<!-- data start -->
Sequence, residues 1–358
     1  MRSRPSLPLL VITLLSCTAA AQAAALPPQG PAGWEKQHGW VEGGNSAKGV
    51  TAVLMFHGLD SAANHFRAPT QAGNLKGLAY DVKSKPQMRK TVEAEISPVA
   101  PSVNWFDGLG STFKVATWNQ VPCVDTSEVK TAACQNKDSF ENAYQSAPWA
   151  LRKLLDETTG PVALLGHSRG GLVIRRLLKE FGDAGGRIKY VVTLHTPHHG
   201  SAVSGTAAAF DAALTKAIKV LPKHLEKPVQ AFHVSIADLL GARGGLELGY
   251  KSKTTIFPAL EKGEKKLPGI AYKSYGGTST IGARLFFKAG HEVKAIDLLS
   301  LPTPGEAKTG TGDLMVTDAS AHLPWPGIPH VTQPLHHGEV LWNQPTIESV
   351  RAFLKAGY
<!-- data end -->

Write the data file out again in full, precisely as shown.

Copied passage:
Sequence, residues 1–358
     1  MRSRPSLPLL VITLLSCTAA AQAAALPPQG PAGWEKQHGW VEGGNSAKGV
    51  TAVLMFHGLD SAANHFRAPT QAGNLKGLAY DVKSKPQMRK TVEAEISPVA
   101  PSVNWFDGLG STFKVATWNQ VPCVDTSEVK TAACQNKDSF ENAYQSAPWA
   151  LRKLLDETTG PVALLGHSRG GLVIRRLLKE FGDAGGRIKY VVTLHTPHHG
   201  SAVSGTAAAF DAALTKAIKV LPKHLEKPVQ AFHVSIADLL GARGGLELGY
   251  KSKTTIFPAL EKGEKKLPGI AYKSYGGTST IGARLFFKAG HEVKAIDLLS
   301  LPTPGEAKTG TGDLMVTDAS AHLPWPGIPH VTQPLHHGEV LWNQPTIESV
   351  RAFLKAGY